A Tale of Two Temperaments

Email Print
FacebookTwitterShare

Note:
FreeEmigration.com changed servers last weekend, which disabled
our e-mail capability. I apologize to readers unable to contact
me and will be happy to address any questions or comments regarding
last week's article.

Monday's
episode of The Edge with Paula Zahn examined Disney World's
sponsorship of a Gay Day on its facilities. Director of the Culture
and Family Institute Robert Knight appeared on the program.

u201CThe
federal government should crack down on Disney's abominable endorsement
of the sodomites. Our government must affirm America's Judeo-Christian
heritage and set an example for our youth.u201D This is precisely what
Knight did not say. A truly tolerant man, he recognized
Disney's right to hold such an event while criticizing the exercise
of that right with temperance.

Golfer
Casey Martin recently triumphed in the Supreme Court: Thanks
to its construction
of the Americans with Disabilities Act,
the PGA must exempt him from walking on a golf course. The athletic
circumstance of this decision should not obscure its fundamental
entailment that private organizations are not really private – so
much for James Madison's claim that u201CGovernment is instituted no
less for protection of the property than of the persons of individuals.u201D

The
respective methodologies of these individuals exemplify the essential
polarity between genuine liberalism and contemporary u201Cliberalismu201D:
advocacy versus force. An old-fashioned liberal, to use Vladimir
Nabokov's fine phrase, pursues his passions through persuasion,
whereas contemporary u201Cliberalsu201D pursue theirs through proscription.

Robert
Knight has not enlisted the State to mandate Judeo-Christian morality
against Disney, but Casey Martin has enlisted the most elitist branch
of federal power to coerce the PGA. The former seeks public consideration
of his values, the latter governmental imposition of his values.

Knight
could advocate an ADA for traditional values (the Americans for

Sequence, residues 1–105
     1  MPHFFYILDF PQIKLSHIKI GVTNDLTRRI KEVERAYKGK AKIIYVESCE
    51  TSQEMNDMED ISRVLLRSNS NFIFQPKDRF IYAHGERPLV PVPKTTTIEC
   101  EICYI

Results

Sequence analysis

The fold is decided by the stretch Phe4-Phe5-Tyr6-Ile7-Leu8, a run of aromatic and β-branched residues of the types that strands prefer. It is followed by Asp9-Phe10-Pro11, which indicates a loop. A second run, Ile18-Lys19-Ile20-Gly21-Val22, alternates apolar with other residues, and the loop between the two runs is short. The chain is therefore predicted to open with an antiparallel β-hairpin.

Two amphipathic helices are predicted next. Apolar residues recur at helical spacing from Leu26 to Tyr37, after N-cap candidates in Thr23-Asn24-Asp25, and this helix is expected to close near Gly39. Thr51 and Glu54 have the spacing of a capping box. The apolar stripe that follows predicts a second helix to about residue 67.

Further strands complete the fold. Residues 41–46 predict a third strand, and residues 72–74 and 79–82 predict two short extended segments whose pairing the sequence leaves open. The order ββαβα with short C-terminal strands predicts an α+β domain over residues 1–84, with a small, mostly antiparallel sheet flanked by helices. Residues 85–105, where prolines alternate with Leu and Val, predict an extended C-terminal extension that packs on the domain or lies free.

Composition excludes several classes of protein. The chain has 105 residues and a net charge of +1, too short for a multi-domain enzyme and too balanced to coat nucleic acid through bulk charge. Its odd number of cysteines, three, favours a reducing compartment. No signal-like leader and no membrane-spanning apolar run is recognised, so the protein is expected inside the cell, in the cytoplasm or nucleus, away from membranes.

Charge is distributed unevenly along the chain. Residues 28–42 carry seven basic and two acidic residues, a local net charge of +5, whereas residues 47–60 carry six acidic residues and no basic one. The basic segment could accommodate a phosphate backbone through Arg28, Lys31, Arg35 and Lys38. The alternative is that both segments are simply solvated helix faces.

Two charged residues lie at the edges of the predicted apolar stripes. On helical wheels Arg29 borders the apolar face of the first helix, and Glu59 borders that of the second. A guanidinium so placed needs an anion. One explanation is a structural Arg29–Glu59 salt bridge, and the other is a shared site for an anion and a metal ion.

Decency Act?) that would forbid u201Cpublic accommodationsu201D from promoting
homosexuality; he could ask the Florida legislature to pass a D.I.S.N.E.E.
(Demanding Iniquitous Sodomites Not Enjoy Endorsement) law. That
is, he could coercively implement his conviction that homosexuality
should not be celebrated.

The
supposedly intolerant Bible-thumper's failure to do this contrasts
sharply with the supposedly innocent Martin's deliberate use of
force to realize his desire. To describe the disparity in economic
phraseology, Knight's efficacy is predicated upon a marketplace
of ideas (u201CThis is what I believe and you should, toou201D) and Martin's
upon a command ideology (u201CThis is what I believe and you will, toou201D).

As
a non-golfer and non-golf enthusiast, I have no vested interest
in the PGA's deformity by the Supreme Court. (I prefer racquetball.)
As citizens, though, we all have a vested interest in the private
sphere's subversion.

The
obliteration of private immunity from political authority is a hallmark
of an omnipotent regime. Benito u201CEverything within the state, nothing
outside the stateu201D Mussolini adored this kind of system, but fascism
is not an American value.

Coercive
and corrosive rhyme in substance as well as sound; the deployment
of force corresponds to the diminishment of freedom. Conventional
wisdom holds that America's Robert Knights are the threat to our
liberties, but a closer evaluation indicates otherwise.

Give
me tolerant traditionalists over aggressive do-gooders any day.

June
7, 2001

Myles
Kantor [send him mail]
edits FreeEmigration.com
and lives in Boynton Beach, Florida

Myles
Kantor Archives

Email Print
FacebookTwitterShare
  • LRC Blog

  • LRC Podcasts